This distinction is designed mainly for hospitals, HMOs, insurers, and other entities that are in the business of providing health care or health coverage through parent-subsidiary groups and similar structures.  It is not at all clear how the “controlling health plan” and “subhealth plan” concepts apply to self-insured employer group health plans, which might include a number of different benefit options and payment structures under a single administrative umbrella.

For example, if an employer wishes to track enrollment and claims data separately for different benefit options under a single group health plan, may the employer treat each option as a subhealth plan and obtain separate HPIDs, or must the employer treat all of the options as part of a single controlling health plan?  If the employer’s health plan provides coverage through HMOs in certain geographic regions, are the HMOs separate controlling health plans (because they control their own activities and policies), even though they provide benefits under the employer’s plan?  What about dental and vision plans that are part of an umbrella group health plan: do they need separate HPIDs, or can they operate under the umbrella plan’s HPID as long as they are part of a single ERISA plan?  If an employer maintains a self-insured health reimbursement arrangement in connection with an insured group health plan, does the health reimbursement arrangement need a separate HPID?

CMS has not yet answered these and many other questions about how the “controlling health plan” and “subhealth plan” definitions apply to employer group health plans.  Without answers to these basic questions, employers apparently must make their best guess as to how many HPID applications they need to file before November 5.

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Photo of Amy N. Moore Amy N. Moore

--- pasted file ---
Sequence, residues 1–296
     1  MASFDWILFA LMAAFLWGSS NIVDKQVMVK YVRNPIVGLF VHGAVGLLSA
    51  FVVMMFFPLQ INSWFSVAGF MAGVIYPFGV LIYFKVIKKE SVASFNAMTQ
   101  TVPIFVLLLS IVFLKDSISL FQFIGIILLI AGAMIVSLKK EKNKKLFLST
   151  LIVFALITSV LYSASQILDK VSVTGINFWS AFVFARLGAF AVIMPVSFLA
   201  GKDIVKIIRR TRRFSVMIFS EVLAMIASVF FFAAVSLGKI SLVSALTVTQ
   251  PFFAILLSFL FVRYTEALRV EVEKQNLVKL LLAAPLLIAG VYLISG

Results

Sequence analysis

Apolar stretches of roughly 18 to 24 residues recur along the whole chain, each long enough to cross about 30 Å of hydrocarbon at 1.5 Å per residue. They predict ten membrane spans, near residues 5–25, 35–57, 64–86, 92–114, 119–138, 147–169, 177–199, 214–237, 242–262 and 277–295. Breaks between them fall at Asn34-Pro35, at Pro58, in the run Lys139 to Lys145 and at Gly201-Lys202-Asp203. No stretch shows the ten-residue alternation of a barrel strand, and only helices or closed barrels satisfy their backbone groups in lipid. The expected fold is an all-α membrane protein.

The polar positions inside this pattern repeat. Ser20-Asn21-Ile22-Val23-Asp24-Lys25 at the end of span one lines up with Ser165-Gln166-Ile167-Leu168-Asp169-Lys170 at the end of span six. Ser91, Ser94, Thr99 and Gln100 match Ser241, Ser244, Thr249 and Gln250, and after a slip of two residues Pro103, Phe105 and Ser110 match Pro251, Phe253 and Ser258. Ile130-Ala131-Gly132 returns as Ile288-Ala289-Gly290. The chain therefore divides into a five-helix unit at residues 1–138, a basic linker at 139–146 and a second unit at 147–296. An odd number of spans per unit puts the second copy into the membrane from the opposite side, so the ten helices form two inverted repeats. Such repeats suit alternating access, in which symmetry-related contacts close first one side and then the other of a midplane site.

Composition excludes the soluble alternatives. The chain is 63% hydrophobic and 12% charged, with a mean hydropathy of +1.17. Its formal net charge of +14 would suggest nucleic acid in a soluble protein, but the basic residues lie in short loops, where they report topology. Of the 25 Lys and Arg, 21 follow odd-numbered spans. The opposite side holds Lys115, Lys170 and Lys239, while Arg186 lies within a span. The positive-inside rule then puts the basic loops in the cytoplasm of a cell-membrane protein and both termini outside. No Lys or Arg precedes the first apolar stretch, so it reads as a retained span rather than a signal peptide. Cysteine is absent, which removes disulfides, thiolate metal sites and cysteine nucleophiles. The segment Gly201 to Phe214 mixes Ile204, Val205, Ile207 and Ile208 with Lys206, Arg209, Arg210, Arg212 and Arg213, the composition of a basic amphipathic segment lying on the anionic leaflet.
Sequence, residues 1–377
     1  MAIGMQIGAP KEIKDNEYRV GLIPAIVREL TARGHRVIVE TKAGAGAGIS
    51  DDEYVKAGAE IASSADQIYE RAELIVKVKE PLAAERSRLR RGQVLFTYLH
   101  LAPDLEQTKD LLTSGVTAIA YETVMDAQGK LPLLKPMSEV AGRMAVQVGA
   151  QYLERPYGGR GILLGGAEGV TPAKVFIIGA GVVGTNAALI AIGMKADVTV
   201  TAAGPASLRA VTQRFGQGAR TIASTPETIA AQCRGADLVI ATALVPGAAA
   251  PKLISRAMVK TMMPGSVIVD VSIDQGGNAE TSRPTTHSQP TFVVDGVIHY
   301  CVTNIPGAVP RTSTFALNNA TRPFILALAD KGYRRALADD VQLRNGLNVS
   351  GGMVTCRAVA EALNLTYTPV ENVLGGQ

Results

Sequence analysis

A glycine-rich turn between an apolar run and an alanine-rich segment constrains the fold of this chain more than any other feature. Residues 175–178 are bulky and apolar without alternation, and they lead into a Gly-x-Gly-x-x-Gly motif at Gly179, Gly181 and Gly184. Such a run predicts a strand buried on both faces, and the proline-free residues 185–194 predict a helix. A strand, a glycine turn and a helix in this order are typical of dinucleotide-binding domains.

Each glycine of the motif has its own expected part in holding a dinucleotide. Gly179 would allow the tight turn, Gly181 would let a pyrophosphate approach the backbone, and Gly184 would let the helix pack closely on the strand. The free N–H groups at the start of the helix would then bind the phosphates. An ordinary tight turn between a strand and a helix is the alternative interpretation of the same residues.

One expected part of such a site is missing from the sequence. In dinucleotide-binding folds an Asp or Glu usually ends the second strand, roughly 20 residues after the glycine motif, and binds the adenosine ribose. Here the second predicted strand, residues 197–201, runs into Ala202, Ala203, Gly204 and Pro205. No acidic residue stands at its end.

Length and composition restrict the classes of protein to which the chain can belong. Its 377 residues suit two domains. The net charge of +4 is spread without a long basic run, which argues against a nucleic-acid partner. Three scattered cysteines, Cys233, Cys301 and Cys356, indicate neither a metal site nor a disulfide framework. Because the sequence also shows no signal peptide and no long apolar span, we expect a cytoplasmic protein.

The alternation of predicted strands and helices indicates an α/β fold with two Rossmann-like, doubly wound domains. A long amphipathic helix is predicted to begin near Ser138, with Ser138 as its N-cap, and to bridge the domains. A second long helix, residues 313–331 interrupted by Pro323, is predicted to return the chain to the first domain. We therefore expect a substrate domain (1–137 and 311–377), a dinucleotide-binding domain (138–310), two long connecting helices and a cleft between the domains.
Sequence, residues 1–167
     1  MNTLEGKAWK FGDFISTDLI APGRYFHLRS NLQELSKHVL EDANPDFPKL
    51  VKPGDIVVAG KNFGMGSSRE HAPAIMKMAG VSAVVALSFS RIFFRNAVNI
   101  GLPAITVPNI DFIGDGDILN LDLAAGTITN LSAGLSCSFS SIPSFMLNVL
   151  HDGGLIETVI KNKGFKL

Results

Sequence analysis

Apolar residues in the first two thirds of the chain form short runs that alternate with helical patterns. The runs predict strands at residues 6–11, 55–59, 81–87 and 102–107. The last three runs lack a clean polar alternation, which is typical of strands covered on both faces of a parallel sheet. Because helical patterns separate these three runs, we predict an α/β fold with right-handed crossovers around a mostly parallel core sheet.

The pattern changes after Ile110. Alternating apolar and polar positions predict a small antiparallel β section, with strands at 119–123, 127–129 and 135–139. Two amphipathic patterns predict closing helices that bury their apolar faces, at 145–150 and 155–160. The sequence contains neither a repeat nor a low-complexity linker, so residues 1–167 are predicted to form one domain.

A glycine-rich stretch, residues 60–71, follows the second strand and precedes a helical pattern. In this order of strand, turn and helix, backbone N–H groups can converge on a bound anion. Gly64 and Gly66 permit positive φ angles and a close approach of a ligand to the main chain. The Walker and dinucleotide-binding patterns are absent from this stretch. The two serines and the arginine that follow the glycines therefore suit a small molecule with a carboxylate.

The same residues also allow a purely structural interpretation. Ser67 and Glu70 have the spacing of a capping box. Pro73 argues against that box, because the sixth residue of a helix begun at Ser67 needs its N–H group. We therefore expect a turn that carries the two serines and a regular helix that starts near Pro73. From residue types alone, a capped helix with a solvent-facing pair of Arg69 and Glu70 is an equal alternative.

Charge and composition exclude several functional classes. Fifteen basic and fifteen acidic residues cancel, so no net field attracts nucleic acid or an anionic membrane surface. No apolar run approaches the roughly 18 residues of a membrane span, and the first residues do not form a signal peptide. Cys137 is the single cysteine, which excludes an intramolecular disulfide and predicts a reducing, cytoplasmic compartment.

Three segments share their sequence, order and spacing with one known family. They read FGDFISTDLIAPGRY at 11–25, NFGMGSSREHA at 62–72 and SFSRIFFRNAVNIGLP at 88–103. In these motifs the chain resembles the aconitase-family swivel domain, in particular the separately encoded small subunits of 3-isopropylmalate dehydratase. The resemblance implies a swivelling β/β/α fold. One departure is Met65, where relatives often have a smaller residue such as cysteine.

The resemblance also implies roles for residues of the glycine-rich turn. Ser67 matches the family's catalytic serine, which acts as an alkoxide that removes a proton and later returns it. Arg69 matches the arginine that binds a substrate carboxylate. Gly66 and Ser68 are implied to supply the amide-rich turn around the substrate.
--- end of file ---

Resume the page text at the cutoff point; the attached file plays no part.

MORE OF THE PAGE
Amy Moore advises public and private companies and tax exempt organizations on a wide range of tax, ERISA, and employment law issues concerning all types of benefit programs.  Ms. Moore counsels some of the world’s largest multinational companies on the design and implementation…

Amy Moore advises public and private companies and tax exempt organizations on a wide range of tax, ERISA, and employment law issues concerning all types of benefit programs.  Ms. Moore counsels some of the world’s largest multinational companies on the design and implementation of innovative benefit strategies, including the restructuring of retirement programs to meet the needs of the modern work force; the use of surplus pension and insurance assets to provide non-traditional benefits; and the establishment of funding and security arrangements for welfare plans and executive compensation.  She represents clients in connection with pension fund investments in private equity funds, hedge funds, group trusts, and derivatives.  She also advises on benefits and compensation issues in acquisitions and divestitures, debt finance, joint ventures, and other corporate transactions.  Ms. Moore represents companies in audits and contested agency proceedings involving benefit plans and advises clients on employee benefits issues that arise in connection with ERISA litigation and settlements.  She also counsels employers on issues of plan administration and the correction of operational problems under government-sponsored remedial programs.